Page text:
Several officials in various parts of China have recently been held to account for ineffectiveness in handling the Wuhan coronavirus.
The officials in question — mostly grassroots-level officials and officials attached to villages, along with a handful of provincial department level cadres — come from provinces including Hubei, Tianjin, Hunan, Henan, Zhejiang, and Anhui.
According to a CCTV report, an inspection team from the central government went to Huanggang city, which has the second-highest number of confirmed cases of the coronavirus after Wuhan. However, the head of the local health commission Tang Zhihong could not answer questions on issues such as the hospital’s ability to treat affected patients or the number of beds, and did not even give a straight answer whether she was the head or deputy head of the commission.
A news clip showed Tang checking information and making phone calls while the inspection team was asking questions. When interviewed later by a reporter, she said she only knew the number of beds, and complained that “you insist on asking about the number of patients”.
The news clip started going viral yesterday afternoon and drew widespread criticism, with one netizen commenting angrily: “After watching this clip, everyone understands why the situation in Huanggang is so bad.” Just a few hours later, Tang’s removal was announced on the Huanggang authorities’ official WeChat channel.
...some people have called for the authorities to not just go after the “small fry” at the grassroots level, but to hold senior officials accountable for major lapses, especially officials of Wuhan city and Hubei province.
Two days ago, Wang Zengtian, an official with the Tianjin health commission, was dismissed for “serious dereliction of duty and irresponsibility, which has had a severe negative impact”. He was also put on two years probation as a party member.
Several grassroots cadres have also been held to account. Two days ago, the Ezhou municipal government in Hubei province announced that a deputy secretary attached to Yingshan village was reported by the public for playing mahjong with villagers on the first two days of Chinese New Year, and was punished by the public security bureau. It also criticised the official for not putting up flyers on the epidemic in the village, and noted that many members of the public who were in the vicinity of the village committee did not take measures against the Wuhan coronavirus, leading to the decision to remove this official.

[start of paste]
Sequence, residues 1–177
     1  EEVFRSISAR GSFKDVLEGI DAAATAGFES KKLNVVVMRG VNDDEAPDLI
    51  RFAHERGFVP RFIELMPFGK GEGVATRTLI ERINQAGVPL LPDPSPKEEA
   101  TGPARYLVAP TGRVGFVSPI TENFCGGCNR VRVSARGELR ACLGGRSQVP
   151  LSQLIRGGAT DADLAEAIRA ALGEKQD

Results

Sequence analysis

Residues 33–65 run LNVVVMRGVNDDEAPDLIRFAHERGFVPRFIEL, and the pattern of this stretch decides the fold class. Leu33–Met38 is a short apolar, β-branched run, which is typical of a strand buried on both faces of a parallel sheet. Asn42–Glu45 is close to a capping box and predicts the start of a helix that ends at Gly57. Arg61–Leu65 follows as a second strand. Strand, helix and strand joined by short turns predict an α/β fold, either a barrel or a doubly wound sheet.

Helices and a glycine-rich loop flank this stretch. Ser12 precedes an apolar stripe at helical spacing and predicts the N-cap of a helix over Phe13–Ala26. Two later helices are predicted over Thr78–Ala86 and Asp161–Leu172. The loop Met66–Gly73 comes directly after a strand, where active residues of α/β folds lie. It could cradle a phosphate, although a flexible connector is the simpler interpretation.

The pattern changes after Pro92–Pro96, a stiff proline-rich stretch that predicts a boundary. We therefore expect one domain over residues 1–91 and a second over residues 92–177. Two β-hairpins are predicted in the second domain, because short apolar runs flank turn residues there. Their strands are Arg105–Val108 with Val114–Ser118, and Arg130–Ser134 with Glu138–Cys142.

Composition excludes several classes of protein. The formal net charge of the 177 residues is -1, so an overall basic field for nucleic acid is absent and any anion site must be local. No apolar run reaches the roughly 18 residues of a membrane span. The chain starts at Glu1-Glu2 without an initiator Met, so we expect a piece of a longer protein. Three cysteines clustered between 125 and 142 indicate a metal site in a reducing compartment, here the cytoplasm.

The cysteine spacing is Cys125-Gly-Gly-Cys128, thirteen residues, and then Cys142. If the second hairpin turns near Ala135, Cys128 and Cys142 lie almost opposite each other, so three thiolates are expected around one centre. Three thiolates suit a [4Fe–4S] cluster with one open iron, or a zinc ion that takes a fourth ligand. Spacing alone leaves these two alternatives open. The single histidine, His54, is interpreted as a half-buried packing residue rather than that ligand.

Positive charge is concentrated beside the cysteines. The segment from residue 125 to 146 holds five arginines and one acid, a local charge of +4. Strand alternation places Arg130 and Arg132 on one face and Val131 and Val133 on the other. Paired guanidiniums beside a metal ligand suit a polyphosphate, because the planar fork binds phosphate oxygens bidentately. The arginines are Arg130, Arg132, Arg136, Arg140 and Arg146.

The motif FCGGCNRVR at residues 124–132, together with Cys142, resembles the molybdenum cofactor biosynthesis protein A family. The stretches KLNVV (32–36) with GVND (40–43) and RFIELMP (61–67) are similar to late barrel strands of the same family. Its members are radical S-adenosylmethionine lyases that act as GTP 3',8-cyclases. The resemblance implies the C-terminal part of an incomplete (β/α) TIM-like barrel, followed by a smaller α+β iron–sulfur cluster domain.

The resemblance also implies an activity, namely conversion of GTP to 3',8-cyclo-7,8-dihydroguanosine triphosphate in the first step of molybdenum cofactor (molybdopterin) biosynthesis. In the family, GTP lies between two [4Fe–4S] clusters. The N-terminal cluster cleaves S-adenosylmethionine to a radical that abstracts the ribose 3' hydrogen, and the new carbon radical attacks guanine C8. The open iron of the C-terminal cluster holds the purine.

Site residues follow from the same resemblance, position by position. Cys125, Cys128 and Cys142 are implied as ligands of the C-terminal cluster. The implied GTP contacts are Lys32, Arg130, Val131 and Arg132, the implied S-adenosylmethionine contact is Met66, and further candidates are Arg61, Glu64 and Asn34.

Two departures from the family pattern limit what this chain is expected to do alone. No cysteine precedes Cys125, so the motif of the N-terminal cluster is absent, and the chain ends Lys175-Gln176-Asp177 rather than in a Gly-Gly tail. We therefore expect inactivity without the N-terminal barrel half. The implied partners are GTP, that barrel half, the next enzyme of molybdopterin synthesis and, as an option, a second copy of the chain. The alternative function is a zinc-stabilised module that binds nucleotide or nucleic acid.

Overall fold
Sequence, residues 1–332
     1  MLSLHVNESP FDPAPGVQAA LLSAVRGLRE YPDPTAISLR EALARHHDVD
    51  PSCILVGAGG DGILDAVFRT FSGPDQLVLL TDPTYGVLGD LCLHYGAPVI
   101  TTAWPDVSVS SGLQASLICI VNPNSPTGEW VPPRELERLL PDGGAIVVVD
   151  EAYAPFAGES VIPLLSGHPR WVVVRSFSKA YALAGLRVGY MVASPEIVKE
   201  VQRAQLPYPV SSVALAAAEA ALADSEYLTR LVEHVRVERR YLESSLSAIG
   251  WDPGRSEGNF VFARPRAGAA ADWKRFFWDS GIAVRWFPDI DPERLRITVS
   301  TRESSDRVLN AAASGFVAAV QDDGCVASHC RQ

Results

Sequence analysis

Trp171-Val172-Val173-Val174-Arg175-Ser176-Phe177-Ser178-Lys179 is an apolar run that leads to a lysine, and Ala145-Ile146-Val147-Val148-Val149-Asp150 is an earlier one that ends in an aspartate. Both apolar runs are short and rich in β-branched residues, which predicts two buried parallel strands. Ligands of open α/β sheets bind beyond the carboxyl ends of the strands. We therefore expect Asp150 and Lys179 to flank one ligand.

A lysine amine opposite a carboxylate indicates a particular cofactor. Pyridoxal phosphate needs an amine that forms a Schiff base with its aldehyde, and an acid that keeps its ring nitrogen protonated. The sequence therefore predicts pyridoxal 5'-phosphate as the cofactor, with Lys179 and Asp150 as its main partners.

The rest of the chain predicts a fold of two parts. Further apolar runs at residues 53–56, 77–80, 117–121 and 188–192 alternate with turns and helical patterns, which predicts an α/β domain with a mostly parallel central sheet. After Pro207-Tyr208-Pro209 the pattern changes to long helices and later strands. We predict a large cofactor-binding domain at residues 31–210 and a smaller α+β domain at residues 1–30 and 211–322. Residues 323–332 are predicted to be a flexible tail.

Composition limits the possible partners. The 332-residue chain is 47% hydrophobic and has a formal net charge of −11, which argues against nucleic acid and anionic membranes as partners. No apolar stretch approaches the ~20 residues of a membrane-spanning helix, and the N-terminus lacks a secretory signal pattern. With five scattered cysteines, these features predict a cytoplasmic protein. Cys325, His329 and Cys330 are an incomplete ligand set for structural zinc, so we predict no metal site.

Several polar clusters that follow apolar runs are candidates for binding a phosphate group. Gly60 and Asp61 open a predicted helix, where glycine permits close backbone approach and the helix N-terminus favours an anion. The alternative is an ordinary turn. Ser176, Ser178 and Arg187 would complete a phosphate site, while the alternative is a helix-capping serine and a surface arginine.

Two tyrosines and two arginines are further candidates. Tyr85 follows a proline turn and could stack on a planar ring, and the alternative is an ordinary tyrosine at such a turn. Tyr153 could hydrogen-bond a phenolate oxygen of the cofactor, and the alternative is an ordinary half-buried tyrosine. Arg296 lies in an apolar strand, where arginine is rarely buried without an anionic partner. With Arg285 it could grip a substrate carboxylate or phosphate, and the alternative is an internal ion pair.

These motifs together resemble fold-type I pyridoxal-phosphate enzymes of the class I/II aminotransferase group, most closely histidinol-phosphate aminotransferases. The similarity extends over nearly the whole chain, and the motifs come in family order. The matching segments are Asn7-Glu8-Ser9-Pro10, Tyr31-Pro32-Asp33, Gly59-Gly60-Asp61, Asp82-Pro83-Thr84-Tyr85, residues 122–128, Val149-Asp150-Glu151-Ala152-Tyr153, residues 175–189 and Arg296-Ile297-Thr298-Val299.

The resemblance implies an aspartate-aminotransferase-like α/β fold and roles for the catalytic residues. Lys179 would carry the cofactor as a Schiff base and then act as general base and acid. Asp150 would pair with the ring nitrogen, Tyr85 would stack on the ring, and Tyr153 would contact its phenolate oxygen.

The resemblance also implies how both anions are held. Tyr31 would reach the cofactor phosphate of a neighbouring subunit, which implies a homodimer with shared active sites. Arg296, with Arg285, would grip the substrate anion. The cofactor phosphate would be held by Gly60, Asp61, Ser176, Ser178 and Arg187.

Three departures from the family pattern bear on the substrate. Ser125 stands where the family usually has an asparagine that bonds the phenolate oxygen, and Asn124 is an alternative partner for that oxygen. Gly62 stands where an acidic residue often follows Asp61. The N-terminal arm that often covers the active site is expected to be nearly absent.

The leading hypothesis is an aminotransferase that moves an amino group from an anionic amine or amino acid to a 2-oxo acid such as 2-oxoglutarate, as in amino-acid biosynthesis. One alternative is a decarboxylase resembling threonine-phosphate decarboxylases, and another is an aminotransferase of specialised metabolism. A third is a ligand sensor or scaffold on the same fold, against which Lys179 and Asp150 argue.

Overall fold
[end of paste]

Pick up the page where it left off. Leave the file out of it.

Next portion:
Some officials have been punished for issues with information disclosure. In Shan’ao village in Wenling city, Zhejiang province, a party secretary was dismissed for intentionally concealing the fact that his son, daughter-in-law, and two grandchildren had just returned to their hometown from Wuhan.
“To play mahjong at this crucial time instead of giving instructions at the front line, of course you’ll be dismissed.”--- Prof Tang Renwu
On Weibo and other social media, many netizens have shown support for tighter monitoring from the authorities, but some people have called for the authorities to not just go after the “small fry” at the grassroots level, but to hold senior officials accountable for major lapses, especially officials of Wuhan city and Hubei province.
Tang Renwu, head of the School of Government at Beijing Normal University, said the current tightening of accountability for grassroots cadres is crucial, because grassroots management in many local areas is still weak, and if the epidemic spreads on a large scale to village towns, it will be difficult for the local medical facilities to cope.
He thinks that some cadres may have been dismissed due to momentary carelessness, and some people may feel that the punishments are too harsh. However, given the current situation, such tough penalties are understandable. “To play mahjong at this crucial time instead of giving instructions at the front line, of course you’ll be dismissed.”
Senior officials in Wuhan and Hubei will be held to account once the epidemic stabilises
As for calls to hold senior officials in Wuhan and Hubei to account, Prof Tang says that doing so at this crucial period might affect the work against the epidemic or cause a gap in leadership. However, he thinks that once the epidemic stabilises, these senior leaders will be taken to task and will have to take responsibility for the epidemic.
...it will take serious action against officials who try to put up a show just to satisfy bureaucratic needs.
Prof Tang thinks that some officials may not have a scientific background and might not fully understand the danger of the Wuhan coronavirus. He says this is one serious problem with officials’ behaviour in the face of the epidemic. But in the long term, given the impact of the epidemic on China’s economy, how to support the economy and help industries and people recover after the epidemic stabilises, will also be a test of officials’ policies and leadership ability.
On 28 January, the Chinese Communist Party Central Committee released a notification on strengthening party leadership and providing strong political guarantees for winning the fight against the epidemic. It clearly wants to take to strict account party members and cadres who dare not take responsibility, who are inept, who only pretend to work, and who are derelict in their duties. Yesterday, the Central Commission for Discipline Inspection also released a warning that it will take serious action against officials who try to put up a show just to satisfy bureaucratic needs. It points to behaviours such as ineptitude, shirking, and negative handling of situations.